To make the muesli bars nut free – simply use seeds instead of nuts. If you can’t use seeds either due to possible cross-contamination, leave them out, or use extra dried fruit instead. Check the packaging of all ingredients for nut allergen warnings and adjust as necessary. While coconut isn’t technically a nut in terms of allergies, if you have issues with coconut, use the substitutions listed above to replace the coconut oil.
Seed free – Choose nuts and/or fruit as mix-ins instead of seeds.
Vegan – Use rice syrup instead of honey.
Low FODMAP – Choose rice syrup instead of honey, and nuts and/or seeds as mix-ins instead of fruit (honey and dried fruit are high fructose, and therefore high FODMAP). Some dried fruits can be eaten in specific small amounts on a low FODMAP diet, I recommend downloading the Monash University FODMAP app, as it can tell you possible safe serving sizes for FODMAP-containing foods. Keep in mind that the amount of fruit you add will be split between 12 bars, so adjust accordingly.
Lower Sugar Muesli Bars
I know I’ll get questions regarding reducing/eliminating sugar in these bars. When talking about this, we need to keep in mind that the honey and brown sugar are part of what holds muesli bars together and gives them their chewy texture, so swapping/reducing these can have an effect on the overall bar texture.
I have given two amounts for the honey in the recipe. The lower amount will give you less sweet, crunchier, slightly more crumbly bars. The higher amount will give you sweeter, chewier, less crumbly bars.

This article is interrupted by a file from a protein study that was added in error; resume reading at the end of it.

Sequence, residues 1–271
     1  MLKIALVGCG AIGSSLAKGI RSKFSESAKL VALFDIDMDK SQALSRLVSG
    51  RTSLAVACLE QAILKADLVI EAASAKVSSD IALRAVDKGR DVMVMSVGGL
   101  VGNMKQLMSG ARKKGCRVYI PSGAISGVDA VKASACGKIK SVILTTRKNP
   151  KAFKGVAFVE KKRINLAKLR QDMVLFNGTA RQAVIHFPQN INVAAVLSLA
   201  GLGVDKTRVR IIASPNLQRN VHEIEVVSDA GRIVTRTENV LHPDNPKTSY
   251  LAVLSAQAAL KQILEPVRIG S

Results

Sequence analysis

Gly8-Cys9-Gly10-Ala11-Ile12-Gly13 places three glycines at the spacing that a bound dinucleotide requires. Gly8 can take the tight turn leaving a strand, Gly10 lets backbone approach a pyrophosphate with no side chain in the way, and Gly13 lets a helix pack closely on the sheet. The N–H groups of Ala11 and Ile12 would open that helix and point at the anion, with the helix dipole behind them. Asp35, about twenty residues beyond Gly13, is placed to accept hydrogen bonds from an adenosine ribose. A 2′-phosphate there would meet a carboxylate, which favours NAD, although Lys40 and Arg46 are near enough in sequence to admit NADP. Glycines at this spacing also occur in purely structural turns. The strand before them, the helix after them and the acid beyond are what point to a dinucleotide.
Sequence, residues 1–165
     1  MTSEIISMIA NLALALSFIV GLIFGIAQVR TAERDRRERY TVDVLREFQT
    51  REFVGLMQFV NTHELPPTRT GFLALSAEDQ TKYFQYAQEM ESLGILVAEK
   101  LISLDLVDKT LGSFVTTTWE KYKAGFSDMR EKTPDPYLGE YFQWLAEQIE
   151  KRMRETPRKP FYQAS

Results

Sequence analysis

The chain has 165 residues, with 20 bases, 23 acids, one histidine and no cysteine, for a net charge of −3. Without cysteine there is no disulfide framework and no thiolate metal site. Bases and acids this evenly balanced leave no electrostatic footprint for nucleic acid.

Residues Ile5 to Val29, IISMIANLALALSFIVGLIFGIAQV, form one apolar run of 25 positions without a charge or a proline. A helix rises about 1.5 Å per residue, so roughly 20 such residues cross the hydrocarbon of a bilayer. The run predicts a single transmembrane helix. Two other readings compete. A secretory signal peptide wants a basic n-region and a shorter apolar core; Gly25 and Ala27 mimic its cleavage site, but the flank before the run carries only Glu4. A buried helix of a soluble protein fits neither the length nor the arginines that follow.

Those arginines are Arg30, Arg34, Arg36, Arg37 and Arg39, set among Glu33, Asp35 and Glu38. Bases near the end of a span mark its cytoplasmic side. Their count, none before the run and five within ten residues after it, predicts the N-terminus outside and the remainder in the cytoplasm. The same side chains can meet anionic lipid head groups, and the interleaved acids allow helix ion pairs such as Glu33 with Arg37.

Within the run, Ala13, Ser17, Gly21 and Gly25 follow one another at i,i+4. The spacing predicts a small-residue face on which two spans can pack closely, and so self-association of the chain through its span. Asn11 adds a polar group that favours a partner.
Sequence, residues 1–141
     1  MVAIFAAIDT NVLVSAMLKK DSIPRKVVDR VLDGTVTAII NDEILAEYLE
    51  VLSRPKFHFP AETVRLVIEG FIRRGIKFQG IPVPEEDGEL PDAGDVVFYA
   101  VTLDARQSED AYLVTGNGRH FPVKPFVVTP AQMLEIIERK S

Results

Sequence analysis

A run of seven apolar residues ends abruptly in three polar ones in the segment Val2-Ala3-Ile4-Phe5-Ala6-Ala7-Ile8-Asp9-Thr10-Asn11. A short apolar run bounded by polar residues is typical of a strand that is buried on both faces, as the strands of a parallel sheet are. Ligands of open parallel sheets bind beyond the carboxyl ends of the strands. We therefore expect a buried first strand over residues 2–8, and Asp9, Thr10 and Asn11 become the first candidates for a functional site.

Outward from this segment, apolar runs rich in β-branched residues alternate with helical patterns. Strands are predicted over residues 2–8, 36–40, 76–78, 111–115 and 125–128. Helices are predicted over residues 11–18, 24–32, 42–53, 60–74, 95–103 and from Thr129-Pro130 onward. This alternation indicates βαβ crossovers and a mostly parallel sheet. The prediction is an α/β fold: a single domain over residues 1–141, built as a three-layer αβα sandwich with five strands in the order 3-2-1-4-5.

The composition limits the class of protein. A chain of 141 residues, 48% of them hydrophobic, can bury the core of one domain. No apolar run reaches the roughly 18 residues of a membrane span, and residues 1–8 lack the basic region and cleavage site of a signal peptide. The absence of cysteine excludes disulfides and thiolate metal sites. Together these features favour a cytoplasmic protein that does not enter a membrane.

If you want to reduce the brown sugar slightly, you can do so, but the bar will be slightly crumblier and drier.
If you are able to have nuts, then adding some nut butter (or seed butter if you can’t have nuts) may help to bind the ingredients better. Adding an egg will also help bind it, although it will make the bars cakier. You could also add a couple of chopped dates to the wet ingredients, and blitz them with a stick mixer to make a puree.
However, my priority here was to create a base recipe that can be easily adjusted to cater for food allergies, so that’s why I haven’t used any of those options here.
Please note that while I have tried to keep the sugar content in this recipe lower than comparable recipes available online, I’m not a health food or low-sugar blogger. Those things just aren’t my jam (pun intended), and I’m an everything-in-moderation girl, so low-sugar recipes aren’t something you’ll see regularly here.
How to Make the Gluten Free Muesli Bars
We’ll start with the dry ingredients. Crumble the gluten free Weet-Bix into a large bowl. Use your hands, or crush them with the end of a rolling pin. You’re aiming for them to be a similar texture to rolled oats. Add in the gluten free rice bubbles, desiccated coconut and gluten free flour.
Next you’ll need to prepare your mix-ins. Nuts and seeds should be chopped – the size is up to you, but the smaller they’re chopped, the less crumbly your bars will be, so keep that in mind.
Chop dried fruit into small pieces. Spraying or rubbing your knife with oil will stop the fruit from sticking to it.
You can crush the Weet-bix and chop the nuts/seeds/fruit in a small food processor if you prefer.